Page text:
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V/A - Cult Cargo: Belize City Boil Up

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Artist: V/A

Album: Cult Cargo: Belize City Boil Up

Label: The Numero Group

Review date: Sep. 27, 2005

Because no country in the western hemisphere has managed to maintain such careful obscurity and avoid infamy like Belize, the chances of you ever hearing any of Belize's incredible and diverse musical output are within a few tiny fractions short of zero.

Rob Sevier hits it neatly on the head with this statement from the liner notes of Cult Cargo: Belize City Boil Up, Numero Group's far out and nearly exhaustive compilation of music produced by the superstars of Belize, both in their native country and in the States, between 1967 and 1980. This collection doesn't make its case by neatly indexing national rhythms and dialects; instead, it showcases a sense of motion and entrepreneurial spirit through the external forces that imprinted themselves on the music of Belize itself: A hurricane; a frantic Diaspora to the major urban centers of the U.S.; disappointment with the racism and hardship unknown in the more homogenous homeland of the performers; and a slow, resigned return to the mother country.

The recordings themselves act as documents of the souvenirs that many of these Belizean musicians brought home, including a mastery of stateside rhythm and blues and the Latin styles of New York. Musical kingpin Gerald “Lord” Rhaburn not only seems to have dominated the musical golden age of Belize, but runs riot on this collection as well. The album begins with Rhaburn's most adventurous recording, “Disco Connection,” a crackling up-tempo instrumental bursting at the seems with clavichord and post-apocalypso horns, with all the soul and static of an Afro-Caribbean “Truck Turner.” Other tracks find Rhaburn in other moods, including “Boogaloo A La Chuck,” a seething boogaloo track that imagines a beachside summit of Sam the Sham and The Ventures, colliding in joyfully chaotic snare breaks beneath a fat but disciplined horn section.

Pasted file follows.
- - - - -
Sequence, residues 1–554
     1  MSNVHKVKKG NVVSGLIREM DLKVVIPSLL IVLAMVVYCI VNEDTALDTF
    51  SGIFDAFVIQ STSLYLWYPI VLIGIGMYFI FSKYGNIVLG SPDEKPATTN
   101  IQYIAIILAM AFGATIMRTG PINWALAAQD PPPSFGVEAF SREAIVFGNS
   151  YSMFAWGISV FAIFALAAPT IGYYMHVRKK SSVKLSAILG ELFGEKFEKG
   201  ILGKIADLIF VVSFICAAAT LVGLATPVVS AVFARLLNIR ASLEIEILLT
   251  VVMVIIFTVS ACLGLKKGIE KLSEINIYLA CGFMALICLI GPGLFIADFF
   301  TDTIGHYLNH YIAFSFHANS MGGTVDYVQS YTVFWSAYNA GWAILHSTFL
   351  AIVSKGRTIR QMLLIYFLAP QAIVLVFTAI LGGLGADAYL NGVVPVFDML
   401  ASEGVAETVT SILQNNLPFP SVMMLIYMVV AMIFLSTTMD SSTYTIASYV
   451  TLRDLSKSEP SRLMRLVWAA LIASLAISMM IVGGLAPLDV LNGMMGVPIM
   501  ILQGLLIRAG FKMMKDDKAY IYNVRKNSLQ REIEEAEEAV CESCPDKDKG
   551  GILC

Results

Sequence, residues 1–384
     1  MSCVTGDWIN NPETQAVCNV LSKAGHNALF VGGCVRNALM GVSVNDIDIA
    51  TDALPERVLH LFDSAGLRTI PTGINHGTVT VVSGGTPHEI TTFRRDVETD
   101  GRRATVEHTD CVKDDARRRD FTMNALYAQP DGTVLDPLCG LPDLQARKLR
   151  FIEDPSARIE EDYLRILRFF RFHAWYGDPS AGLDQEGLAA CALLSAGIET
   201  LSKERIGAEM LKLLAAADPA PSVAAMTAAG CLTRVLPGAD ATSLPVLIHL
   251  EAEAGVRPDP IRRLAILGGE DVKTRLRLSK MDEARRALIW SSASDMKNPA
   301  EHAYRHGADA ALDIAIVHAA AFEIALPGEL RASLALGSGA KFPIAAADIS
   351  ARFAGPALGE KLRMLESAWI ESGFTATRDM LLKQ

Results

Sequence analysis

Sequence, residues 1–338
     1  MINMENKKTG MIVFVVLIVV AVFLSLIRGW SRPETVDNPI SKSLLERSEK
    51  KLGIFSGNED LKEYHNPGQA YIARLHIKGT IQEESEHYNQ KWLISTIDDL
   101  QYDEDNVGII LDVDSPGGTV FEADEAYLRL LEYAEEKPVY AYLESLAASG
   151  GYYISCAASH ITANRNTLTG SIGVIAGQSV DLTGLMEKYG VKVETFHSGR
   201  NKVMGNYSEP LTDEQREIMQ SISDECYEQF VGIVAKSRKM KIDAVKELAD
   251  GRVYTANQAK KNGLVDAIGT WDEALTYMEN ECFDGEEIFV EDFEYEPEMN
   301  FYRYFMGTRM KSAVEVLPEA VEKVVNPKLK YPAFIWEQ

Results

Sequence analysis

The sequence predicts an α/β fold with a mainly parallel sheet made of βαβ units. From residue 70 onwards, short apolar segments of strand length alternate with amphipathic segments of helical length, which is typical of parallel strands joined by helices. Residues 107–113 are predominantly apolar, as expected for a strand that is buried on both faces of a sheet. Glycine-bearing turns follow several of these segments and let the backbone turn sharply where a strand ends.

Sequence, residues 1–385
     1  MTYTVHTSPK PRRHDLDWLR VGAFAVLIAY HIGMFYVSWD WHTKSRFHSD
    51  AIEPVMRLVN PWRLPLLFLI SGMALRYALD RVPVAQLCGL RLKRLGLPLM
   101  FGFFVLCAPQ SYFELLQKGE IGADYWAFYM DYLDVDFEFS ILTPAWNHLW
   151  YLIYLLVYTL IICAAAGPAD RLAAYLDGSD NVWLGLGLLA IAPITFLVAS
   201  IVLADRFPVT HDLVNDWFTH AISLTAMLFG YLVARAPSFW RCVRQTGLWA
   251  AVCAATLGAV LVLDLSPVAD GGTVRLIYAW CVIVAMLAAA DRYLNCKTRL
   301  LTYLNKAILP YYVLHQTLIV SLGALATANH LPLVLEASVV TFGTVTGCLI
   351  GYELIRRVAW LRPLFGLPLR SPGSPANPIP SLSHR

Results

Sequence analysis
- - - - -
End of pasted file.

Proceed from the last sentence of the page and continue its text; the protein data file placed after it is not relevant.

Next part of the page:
Rhaburn's take on sweet Studio One style rockers, “More Love Reggae,” is only one of a few tracks bearing witness to the obvious influence that Jamaican music had on Belize. Other tunes, like the Harmonettes' “Can't Go Halfway,” reflect equal portions of American soul and the early ska sound of The Wailers.

Jesus Acosta and The Professionals check in with cuts covering every corner of soul, latin, and island music to sound in front of a microphone. “Guajida,” oddly – and perhaps mistakenly – attributed as a cover of Willie Bobo's “Guajira,” actually pre-imagines the montuno organ riff of Malo's “Cafe” (likely the best known Chicano rock song of the 1970s that didn't include Carlos Santana or War) by a solid 10 years, slathering the gritty tension of the rhythm section with a cushion of son-like horns. The Professionals also deliver a funky dub instrumental take with their version of “Theme From The Godfather,” as well as the oddly psychedelic soul of “A Part Of Being With You.”

Web's take on gut-busting R&B, “The Same Old Me,” out-Reddings everything in its path, and, like all of the songs here, brings to focus a lean but immensely earnest approach to music that, while it may not have originated in Belize, clearly benefited from the heart and sweat the artists on Belize City Boil Up brought to the game.

By Andy Freivogel

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